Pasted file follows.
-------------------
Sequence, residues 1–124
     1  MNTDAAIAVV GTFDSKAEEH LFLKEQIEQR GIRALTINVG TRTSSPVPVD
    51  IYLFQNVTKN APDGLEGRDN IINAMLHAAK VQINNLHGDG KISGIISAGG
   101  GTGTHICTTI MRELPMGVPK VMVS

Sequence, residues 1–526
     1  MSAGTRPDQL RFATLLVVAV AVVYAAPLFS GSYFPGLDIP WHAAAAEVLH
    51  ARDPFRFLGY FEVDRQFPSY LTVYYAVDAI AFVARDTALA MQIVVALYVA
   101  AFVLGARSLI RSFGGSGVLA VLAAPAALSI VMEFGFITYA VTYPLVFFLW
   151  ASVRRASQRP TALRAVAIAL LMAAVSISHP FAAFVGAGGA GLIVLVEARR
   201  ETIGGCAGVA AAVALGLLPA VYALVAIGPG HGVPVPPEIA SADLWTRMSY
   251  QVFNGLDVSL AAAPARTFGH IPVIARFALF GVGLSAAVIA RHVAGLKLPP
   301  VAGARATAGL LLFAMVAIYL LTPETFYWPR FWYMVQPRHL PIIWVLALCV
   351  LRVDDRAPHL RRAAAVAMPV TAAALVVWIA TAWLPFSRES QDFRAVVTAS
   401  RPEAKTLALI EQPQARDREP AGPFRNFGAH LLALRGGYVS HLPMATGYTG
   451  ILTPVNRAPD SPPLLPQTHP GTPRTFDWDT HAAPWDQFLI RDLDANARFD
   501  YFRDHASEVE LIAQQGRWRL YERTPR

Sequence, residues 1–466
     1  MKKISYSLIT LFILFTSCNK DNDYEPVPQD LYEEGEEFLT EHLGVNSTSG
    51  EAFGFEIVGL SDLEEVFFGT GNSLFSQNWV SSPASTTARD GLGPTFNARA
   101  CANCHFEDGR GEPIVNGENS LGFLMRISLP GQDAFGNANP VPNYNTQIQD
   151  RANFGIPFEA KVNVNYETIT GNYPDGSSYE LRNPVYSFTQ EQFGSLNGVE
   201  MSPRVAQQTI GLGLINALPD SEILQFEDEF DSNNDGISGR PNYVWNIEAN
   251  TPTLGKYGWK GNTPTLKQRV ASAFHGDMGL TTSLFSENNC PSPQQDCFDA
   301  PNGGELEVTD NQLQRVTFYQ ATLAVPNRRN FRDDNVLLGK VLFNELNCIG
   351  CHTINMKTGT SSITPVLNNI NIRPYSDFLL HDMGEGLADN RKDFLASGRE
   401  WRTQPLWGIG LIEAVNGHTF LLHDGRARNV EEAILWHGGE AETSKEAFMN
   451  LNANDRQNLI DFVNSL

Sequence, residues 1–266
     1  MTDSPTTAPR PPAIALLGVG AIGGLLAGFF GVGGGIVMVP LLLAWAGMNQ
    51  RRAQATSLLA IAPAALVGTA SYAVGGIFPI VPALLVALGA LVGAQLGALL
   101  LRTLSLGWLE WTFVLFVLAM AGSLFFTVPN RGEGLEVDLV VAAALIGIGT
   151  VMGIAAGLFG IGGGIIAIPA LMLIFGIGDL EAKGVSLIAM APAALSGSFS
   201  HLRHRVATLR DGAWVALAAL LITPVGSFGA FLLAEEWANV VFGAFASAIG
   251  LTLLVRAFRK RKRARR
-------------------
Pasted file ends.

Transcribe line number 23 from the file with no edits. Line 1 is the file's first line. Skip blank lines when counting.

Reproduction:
   251  TPTLGKYGWK GNTPTLKQRV ASAFHGDMGL TTSLFSENNC PSPQQDCFDA